The all too familiar scenario
For many students, even in the most prestigious architecture schools it is easy to be seduced by the computer: The lure of the computer with the shimmering screen, often means you can easily convince yourself that what you are creating is Architecture; that your design is more developed and refined than what it actually is.
In fact a computer can help you think your design is actually fabulous.
Then suddenly you realise your time has run out. The jury crit is looming, or the client is coming, and you haven’t done enough to develop the design. You were too busy researching, or procrastination, or kididng yourslef you were great, or bogged down in admin, or suffering under the hands of a capricious tutor or client. Crisis time !!!
The problem with having a capricious tutor is that they will quickly cut you lose, and wont defend you when the jurors start drilling down into the details of your design; actually, jurors don’t actually care that much about function; they are usually more interested in discussing, those things known as ideas. Holy Rissole Batman !!! Do you you mean actual ideas !?!?
A primary danger is this: allowing the computer to fool you that you had done more design development than what you have actually done. In fact, if you haven’t done enough design development, all you have really done is a functional diagram at best. At worst a conceptual diagram simplistically mapped onto the site. It is awful to see people fashion these diagrams in order to make them seem like architecture.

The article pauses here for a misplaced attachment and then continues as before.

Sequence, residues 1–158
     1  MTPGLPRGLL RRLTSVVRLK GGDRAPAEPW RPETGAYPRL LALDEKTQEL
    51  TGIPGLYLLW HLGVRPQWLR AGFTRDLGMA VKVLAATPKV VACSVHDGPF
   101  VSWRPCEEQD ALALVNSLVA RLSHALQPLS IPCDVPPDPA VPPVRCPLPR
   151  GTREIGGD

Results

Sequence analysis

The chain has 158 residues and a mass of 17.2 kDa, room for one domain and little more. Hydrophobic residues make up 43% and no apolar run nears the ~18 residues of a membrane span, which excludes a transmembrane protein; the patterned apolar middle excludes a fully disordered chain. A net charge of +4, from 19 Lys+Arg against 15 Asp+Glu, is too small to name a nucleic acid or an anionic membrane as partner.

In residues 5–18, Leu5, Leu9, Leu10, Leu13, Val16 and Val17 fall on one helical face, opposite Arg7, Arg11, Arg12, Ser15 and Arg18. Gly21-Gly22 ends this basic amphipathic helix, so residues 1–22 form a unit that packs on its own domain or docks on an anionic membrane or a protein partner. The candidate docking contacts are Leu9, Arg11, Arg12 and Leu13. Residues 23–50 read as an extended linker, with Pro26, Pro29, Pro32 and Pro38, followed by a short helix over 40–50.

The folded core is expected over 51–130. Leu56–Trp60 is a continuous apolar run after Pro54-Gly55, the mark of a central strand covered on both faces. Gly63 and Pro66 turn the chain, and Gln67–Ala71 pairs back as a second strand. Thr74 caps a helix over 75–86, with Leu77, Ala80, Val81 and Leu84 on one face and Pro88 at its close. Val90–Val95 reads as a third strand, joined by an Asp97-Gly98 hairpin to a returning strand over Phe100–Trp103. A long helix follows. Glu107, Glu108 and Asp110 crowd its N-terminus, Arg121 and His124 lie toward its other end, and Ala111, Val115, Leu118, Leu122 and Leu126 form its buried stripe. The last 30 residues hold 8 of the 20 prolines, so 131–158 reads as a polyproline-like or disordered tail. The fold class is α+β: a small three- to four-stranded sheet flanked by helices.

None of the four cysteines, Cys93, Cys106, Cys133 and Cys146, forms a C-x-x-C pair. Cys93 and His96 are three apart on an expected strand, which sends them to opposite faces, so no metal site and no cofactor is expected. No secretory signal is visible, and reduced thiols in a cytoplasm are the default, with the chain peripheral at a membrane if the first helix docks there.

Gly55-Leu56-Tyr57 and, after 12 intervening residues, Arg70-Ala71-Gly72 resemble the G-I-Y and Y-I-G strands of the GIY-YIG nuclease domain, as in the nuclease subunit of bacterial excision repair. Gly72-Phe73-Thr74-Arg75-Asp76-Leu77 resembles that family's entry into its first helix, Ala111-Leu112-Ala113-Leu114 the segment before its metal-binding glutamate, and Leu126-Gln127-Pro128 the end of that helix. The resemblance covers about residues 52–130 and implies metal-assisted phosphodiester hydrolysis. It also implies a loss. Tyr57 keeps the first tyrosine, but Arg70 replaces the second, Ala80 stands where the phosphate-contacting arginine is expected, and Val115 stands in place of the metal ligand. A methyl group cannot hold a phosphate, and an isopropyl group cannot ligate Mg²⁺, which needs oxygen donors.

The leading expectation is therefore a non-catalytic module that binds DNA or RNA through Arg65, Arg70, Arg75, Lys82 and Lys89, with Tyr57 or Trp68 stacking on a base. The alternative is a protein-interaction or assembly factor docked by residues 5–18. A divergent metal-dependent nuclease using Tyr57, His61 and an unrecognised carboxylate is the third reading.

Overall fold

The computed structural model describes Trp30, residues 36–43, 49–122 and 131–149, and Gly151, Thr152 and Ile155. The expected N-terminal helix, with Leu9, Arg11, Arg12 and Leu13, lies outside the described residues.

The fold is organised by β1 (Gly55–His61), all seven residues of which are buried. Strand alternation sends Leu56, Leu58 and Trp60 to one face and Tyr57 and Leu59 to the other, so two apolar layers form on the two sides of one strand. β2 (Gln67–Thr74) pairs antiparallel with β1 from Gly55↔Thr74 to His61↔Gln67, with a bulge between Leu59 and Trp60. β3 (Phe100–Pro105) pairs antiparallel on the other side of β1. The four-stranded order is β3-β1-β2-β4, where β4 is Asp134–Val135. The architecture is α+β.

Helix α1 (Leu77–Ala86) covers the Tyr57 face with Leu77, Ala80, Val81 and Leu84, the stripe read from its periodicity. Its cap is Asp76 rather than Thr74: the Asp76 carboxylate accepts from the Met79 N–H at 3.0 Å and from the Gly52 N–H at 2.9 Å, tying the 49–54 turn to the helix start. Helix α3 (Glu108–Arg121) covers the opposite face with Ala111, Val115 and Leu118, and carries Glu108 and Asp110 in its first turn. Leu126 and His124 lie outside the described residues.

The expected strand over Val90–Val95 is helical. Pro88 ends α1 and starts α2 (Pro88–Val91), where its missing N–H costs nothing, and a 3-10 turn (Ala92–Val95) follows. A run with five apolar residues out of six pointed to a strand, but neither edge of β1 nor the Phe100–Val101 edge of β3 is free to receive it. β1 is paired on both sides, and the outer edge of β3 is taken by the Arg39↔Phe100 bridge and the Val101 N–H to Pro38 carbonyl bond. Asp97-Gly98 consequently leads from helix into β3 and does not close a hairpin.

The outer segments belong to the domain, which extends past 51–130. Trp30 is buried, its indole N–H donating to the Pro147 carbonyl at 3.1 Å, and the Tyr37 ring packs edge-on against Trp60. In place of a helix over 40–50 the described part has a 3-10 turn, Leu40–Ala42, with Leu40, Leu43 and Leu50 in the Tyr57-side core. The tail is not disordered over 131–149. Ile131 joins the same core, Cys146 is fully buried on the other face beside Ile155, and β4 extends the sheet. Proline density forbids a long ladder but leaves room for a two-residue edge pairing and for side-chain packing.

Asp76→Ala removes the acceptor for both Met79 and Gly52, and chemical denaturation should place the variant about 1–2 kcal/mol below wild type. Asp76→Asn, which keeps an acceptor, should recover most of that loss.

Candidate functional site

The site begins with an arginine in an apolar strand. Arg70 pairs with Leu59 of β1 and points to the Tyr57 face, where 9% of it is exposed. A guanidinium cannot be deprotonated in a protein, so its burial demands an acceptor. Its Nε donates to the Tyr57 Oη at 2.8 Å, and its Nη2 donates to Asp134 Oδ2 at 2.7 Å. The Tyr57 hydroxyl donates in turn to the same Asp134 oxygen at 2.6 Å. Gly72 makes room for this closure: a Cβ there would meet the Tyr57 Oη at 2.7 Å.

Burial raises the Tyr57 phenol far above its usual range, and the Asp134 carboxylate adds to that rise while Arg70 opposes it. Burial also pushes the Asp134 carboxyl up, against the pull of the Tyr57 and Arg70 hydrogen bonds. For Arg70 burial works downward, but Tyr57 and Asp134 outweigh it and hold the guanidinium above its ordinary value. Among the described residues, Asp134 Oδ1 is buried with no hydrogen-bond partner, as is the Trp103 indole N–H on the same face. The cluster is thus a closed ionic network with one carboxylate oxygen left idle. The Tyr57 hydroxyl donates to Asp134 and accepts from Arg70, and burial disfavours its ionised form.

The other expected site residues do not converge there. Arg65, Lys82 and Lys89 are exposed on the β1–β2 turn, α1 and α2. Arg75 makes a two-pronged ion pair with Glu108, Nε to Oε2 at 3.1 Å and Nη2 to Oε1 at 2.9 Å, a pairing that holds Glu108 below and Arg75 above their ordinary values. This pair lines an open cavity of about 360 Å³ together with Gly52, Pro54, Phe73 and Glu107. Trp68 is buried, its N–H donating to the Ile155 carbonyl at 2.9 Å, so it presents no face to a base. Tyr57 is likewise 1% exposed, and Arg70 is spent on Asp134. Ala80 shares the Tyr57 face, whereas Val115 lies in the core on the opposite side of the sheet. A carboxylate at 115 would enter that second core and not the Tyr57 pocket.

The common response to time pressures of the jury session combined with a lack of design development detail is to develop the design through an obsessive and irrational focus on the brief or program, function and functional elements. Yes, it is easy to lapse into form follows function when you are in a desperate panic to get that conceptual and schematic design finished in time.
Certainly, The first thought of most people in this situation is the old keen jerk reaction of developing the design further through, an even further and intense consideration of function. But probably over-thinking the functions is what got you in this mess in the first place.
For a start it is too easy. Secondly, architecture is not about just solving functional problems. Sorry, to have to tell you but it is about more than this and it is also about Ideas. As a socio-material practice architecture concerns itself with embodying ideas in space. I will even stick my neck out and say, architecture actually has nothing to do with function. In the hierarchy of elements a designer should be concerned about function is really a very, very, very, low level concern.
Yes, in modern architecture, some architects in the past have been to develop radical notions of “pure” functionalism that manages to escape the prosaic. Hannes Meyer, Ernst May, and the Neue Sachlichkeit in Weimar Germany spring to mind. Maybe even Hilberseimer. In the late twentieth century Kazuo Shinohara springs to mind. There are glimmers of this functional realism and objectivity in the work of OMA and Bjarke Ingels. But all of these architects are able to evoke a functional realism resulting in a highly refined and abstract ambiguity (let’s argue about that point later).